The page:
O, JO German for honey wax possibly soeone who worked on a bee farm and/or sold hoey or a Jewish Ornamental name of unknow origin, (Hanks and Hodges, 1998).
To be determined
F, G Hohenstein is German for a high stone. It is an artificial or imaguinatively created name (Beider, 2004). It is a geographical name of someone from Hohenstein, the name of several places in Germany (Smith, 1973).
G Huls is a marsh (Smith, 1973). Hulle is German for a covering, wrap, or envelope (Klatt, 1958).
A,O From the German meaning hunter(Beider, 2004) or could mean one whose occupation was as a hunter (Zeichner, 2009)
F German for friend of Jews. An assigned artificial name (Beider, 2004).
D Jewish name from German or Polish spelling of the Yiddish yust meaning someone who is well to do. (Hanks and Hodges, 1998).
L An ramaic lineage surname from Kohen or Cohen in English, a descendant of the Temple Priests (Beider, 2004)
O Literal meaning in German is limestone. Probably someone who dug or sold limestone. (Klatt and Golze, 1958).
U A variant of the name Kampfer and Kampg. German for struggle (Beider, 2004)
G Someone from karlin a suburb of the town of Pinsk (Beider, 2004).
L Acronym for Kohen Tzedek, Priest of Righteousness, Psalm 132.9. Lineage to 17th Century as a family name. First appearance in 10th Century Gaon of Pumbedita. (Beider, 2004).
O German for writer or copyist (Beider, 2004)
O Manager of a granary (Smith, 1973); or one who made cabinets, a chestmaker (Jones, 1990).
F In German, keller is cellar (Klatt, 1958).
G, D German for chestnut. One who lives near chestnuts or it may relate to one with hair of a chestnut color. (Smith 1973)
O or F or G A Kessel in German is a person who made kettles. It is also someone who came from castles or a dweller near a fort or castle. Haut in German means skin (Smith, 1953).
JO, O, H From German or Yiddish for cherry. Someone who lived by a cherry orchard or wild cherry tree. Among Ashkenazic Jews it represent an ornamental name (Hanks & Hodges, 1998). One who grew or sold cherries or dweller at the sign of a cherry (Smith, 1998)
G, O Means cherry tree, probably someone who lived by or raised cherry trees, (Hanks and Hodges, 1998).
A An artificial surname from the German klapfer meaning rattle.(Beider,2004).
Kleiner, Kleinman
D The small man, the younger man (Smith, 1953).
G One who comes from Kling, a dweller near a mountain stream (Smith, 1973). A deep gorge with a noisy stream (Jones, 1990).
F, D There are two spellings for this surname, one with an umlaut “u” and one without. Both come from root KLUG, central Yiddish for clever, intelligent. This name is listed as an artificial name (Beider, 2004). It is found in 11 different shtetls in Galicia. It is also listed as a Yiddish nickname for someone clever or wise (Hanks and Hodges, 1998).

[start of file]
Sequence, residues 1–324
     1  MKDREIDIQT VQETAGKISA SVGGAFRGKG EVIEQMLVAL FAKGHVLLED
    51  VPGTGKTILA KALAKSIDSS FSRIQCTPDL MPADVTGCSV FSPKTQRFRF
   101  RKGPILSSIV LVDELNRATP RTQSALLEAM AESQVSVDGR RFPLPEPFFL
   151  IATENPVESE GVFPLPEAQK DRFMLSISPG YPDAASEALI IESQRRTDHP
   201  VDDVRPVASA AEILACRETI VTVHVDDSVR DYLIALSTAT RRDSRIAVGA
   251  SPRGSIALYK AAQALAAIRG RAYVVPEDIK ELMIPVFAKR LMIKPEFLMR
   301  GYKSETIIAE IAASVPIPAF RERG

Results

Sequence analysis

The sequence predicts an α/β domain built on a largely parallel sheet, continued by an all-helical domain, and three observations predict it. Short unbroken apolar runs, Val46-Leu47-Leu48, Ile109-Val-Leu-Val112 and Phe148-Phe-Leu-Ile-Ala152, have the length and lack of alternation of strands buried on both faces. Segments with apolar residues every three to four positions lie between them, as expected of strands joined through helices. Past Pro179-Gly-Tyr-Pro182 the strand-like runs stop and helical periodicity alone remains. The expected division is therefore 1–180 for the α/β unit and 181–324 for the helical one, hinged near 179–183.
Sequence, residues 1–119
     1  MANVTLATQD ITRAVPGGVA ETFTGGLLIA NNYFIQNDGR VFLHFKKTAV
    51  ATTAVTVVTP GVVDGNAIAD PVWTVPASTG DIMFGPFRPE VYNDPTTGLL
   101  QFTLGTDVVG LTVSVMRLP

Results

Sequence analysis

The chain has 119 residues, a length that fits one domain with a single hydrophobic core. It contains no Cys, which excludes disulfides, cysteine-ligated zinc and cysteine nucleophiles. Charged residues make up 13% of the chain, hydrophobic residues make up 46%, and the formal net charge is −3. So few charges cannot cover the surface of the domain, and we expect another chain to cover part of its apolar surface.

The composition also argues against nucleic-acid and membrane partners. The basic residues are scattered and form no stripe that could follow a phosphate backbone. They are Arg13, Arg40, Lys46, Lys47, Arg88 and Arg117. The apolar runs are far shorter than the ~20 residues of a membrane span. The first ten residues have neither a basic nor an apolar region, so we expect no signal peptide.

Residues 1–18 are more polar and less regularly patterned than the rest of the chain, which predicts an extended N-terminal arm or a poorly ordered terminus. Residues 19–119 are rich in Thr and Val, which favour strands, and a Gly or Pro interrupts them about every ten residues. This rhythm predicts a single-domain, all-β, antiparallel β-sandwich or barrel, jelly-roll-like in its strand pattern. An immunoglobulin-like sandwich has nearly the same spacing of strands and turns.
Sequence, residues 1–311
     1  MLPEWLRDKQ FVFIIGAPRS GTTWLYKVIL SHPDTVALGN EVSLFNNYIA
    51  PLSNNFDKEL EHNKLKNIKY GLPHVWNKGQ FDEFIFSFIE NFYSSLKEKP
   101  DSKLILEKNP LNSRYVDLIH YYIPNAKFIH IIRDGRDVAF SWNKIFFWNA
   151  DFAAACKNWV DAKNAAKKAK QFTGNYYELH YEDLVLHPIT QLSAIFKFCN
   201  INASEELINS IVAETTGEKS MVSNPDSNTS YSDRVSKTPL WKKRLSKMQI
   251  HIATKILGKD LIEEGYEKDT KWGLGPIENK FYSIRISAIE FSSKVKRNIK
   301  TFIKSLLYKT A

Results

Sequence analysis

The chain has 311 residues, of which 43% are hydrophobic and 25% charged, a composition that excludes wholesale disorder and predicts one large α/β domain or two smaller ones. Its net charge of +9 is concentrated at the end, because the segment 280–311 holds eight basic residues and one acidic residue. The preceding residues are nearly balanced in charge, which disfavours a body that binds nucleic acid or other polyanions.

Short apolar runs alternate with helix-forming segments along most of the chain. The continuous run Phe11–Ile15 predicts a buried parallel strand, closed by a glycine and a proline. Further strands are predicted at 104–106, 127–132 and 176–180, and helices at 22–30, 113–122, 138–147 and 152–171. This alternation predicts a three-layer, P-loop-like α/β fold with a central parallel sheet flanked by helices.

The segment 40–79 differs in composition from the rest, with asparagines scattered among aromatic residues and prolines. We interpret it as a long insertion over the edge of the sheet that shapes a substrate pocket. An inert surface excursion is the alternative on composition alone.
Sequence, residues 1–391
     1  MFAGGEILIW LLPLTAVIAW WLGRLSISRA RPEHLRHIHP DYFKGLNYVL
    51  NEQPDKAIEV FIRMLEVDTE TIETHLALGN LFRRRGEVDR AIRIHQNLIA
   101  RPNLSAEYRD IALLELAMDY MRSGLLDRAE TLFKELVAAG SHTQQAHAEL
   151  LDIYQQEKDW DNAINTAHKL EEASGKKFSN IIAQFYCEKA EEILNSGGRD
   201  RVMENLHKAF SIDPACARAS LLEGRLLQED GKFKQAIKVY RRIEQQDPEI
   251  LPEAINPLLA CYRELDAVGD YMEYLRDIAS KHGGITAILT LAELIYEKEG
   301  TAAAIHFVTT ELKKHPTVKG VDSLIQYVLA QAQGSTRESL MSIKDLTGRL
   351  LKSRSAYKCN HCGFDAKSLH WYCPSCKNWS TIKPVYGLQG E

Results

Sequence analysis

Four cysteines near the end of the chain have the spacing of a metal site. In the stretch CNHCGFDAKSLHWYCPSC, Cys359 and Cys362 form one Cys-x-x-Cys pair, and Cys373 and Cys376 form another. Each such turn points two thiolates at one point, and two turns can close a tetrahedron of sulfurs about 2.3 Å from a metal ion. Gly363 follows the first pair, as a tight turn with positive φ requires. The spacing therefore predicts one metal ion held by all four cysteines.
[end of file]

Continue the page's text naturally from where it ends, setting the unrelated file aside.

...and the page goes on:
F German for nodule or tubercule (Beider, 2004).
F, G, O From the German Korner/Korn. Made up name from German or grain (Beider, 2004). Smith gives a different meaning, German for dweller near a mill, one who dealt in grain, one who came from Korner, a place where corn or grain grew in Germany (Smith, 1988
P or D Koenig is the German for king and is often a translation of the Hebrew name Melekh (king) or Elimelekh (God is King). Sometimes a person who played the part of the king in the Purim shpil (the special dramatic presentations of the festival of Purim) would be dubbed Koenig and this became his family name. Finally, some of the naming officials would make sport of some poor or wretched Jew by giving him the name king. (Kaganoff, 1977)
O Comes from the german root word, Kaufer, to buy. May be an occupational name for someone who works as a buyer. (Beider, 2004)
O Someone who is rich in grain (Hank & Hodges. 1998)
F, O German word from root name Knopf meaning knob or pommel. Alternate meaning is to yield a small button (Beider, 2004). The name is listed as a Metronymic occupation name for a maker of buttons, normally made of horn (Hanks and Hodges, 1998).
G F L or O No listings found for Knisbacher. Bacher was found as one dwelling on a brook; wild boar or is from Jewish bachur which is the Talmud student, (Smith, 1973). Additional possibilities are German words kneten to knead dough and bachen to bake or even a baker of knishes (Klatt, 1958, Knishbacker family lore). No listing found for Knis.
G Kolomear is the Polish spelling for someone from the Town of Kolomyja/Kolomey/Kolomay/Kolomea depending upon the language used. (Beider, 2004).
D Derived from the word crow that in German is Krach. May be someone who is noisy like a crow or catches crows. (Hodges and Hanks, 1998). A noisy or old decrepit man (Smith, 1988)
O Dutch or German. The shopkeeper or tradesman, one who traveled through the country buying butter, hens, and eggs which he carried to the market in a cram or pack on his back. (Smith. 1988).
O German word kram means one in a retail trade, as huckster (Smith, 1973). Krame is a shopkeeper or retailer (Jones, 1990).
F Krautbauch is not listed in Beider’s book of Surnames of Galicia. Its literal translation in German is Cabbage Belly. Krautbach is listed and noted only found in Kolomea and means Cabbage Brook, also a constructed name (Beider, 2004).
F, D A variant of the name Krummbein, an artificial name found in Kosow and Sniatyn. German for bow leg (Beider, 2004). Also listed as a personal characteristic of someone who has bowed legs (Smith, 1988).
G or O Kraut is one who raised or sold vegetables (Smith 1973); A person from Krautheim, an herb Hamlet (Jones, 1990).
F Northeastern Yiddish (in Russian Krejgel) for a gold crown (Beider, 1993).
F Present in Galicia and Kolomea, derived from Krys, the Polish spelling meaning end or limit (Beider, 2004).
M Foud only in Kolomea. Derived from Kressel. From Yiddish given name Kresl. A hypocoristic form whose base form was of either Romance or Czech origin (Beider, 2004).
O, G, F Ffrom the German for a bentwood plant that grows beyond the tree line (Beider, 2004. This may make it an occupational name. Someone who sells this wood, a geographical name for someone who lives by this plant, or a fanciful name,